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Posted on Mon, Apr 18, 2011 : 5:55 a.m.

The newest idea for Ypsilanti's Water Street: An $8 million to $10 million county recreation center

By Tom Perkins


The city of Ypsilanti cleared vacant buildings from a parcel of land known as the Water Street property. Now, officials hope to build a recreation center there.

Angela J. Cesere | file

Washtenaw County officials are beginning to push for a new recreation center to be built on Ypsilanti’s Water Street property. The $8 million to $10 million recreation center could spur Water Street development and serve as the centerpiece in a series of area parks linked by the eastern Washtenaw County Border to Border Trail, its planners say.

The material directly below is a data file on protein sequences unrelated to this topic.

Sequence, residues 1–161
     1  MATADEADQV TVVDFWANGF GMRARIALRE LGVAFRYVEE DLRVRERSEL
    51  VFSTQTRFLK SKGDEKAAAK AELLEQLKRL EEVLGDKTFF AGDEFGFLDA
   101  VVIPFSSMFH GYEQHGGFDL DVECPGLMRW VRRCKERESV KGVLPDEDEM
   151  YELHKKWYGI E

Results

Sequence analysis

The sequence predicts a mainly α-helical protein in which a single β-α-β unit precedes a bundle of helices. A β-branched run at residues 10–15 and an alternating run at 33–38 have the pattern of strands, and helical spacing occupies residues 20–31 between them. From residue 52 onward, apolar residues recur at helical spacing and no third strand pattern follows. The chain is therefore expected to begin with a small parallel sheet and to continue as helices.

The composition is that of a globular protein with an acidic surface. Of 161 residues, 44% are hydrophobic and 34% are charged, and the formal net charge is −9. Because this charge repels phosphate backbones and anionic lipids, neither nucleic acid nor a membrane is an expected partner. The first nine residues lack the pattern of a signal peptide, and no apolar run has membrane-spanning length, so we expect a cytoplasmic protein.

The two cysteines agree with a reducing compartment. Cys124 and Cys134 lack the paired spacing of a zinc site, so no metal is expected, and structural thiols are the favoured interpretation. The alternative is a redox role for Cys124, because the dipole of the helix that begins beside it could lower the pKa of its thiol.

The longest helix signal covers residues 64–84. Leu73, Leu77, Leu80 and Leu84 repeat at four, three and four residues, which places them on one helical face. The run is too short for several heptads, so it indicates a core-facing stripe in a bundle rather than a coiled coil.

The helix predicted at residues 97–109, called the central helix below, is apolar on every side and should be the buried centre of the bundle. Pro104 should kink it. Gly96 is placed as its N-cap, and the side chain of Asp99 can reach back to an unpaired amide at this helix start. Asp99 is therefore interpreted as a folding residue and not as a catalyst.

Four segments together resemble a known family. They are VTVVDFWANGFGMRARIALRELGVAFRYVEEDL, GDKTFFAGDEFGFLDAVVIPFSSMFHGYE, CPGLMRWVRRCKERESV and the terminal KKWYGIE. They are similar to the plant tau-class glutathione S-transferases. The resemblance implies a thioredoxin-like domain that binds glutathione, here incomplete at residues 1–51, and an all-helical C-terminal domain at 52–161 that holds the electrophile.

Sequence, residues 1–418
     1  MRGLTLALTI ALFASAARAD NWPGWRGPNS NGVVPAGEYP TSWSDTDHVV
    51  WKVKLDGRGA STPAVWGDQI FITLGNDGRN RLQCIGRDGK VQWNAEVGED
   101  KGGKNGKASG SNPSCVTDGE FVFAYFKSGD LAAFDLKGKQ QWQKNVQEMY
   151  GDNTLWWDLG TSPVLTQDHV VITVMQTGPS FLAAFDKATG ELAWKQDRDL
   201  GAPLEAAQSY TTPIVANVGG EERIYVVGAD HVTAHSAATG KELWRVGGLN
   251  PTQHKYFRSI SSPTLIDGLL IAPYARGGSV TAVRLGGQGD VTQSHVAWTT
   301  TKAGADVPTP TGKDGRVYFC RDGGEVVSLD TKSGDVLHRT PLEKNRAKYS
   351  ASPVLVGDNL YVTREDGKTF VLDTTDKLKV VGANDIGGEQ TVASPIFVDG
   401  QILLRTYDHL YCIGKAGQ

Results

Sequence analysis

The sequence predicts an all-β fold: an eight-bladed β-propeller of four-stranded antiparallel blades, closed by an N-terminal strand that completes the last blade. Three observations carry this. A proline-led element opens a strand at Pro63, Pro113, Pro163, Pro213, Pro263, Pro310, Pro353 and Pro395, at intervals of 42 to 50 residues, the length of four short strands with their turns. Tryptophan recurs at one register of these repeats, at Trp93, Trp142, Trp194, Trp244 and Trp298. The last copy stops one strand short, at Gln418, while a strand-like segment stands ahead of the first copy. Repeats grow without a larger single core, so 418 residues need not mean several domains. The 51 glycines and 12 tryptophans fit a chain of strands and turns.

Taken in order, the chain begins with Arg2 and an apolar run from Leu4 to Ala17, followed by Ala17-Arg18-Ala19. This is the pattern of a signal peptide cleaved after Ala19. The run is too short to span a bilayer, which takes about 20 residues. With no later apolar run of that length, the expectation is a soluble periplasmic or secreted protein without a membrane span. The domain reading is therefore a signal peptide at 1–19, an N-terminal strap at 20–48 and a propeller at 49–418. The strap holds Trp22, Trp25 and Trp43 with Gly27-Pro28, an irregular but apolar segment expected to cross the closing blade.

Last week, the Washtenaw County Parks and Recreation Commission discussed the possibility of building the new 50,000-square-foot recreation facility on a parcel of Water Street along the Huron River.

Officials on all sides underscored that the idea is only being discussed, but Washtenaw County Parks and Recreation Director Bob Tetens said all the discussions have been positive and the Parks and Recreation Commission “has given the green light” to begin exploring the possibility.

The 38-acre Water Street site is adjacent to downtown Ypsilanti, off Michigan Avenue. Tetens said a recreation center would need 10 to 12 acres of that property, ideally along the Huron River, which flows into Ford Lake less than a mile downstream. The city recently cleared Water Street of its remaining abandoned buildings and Tetens called the property a “diamond in the rough."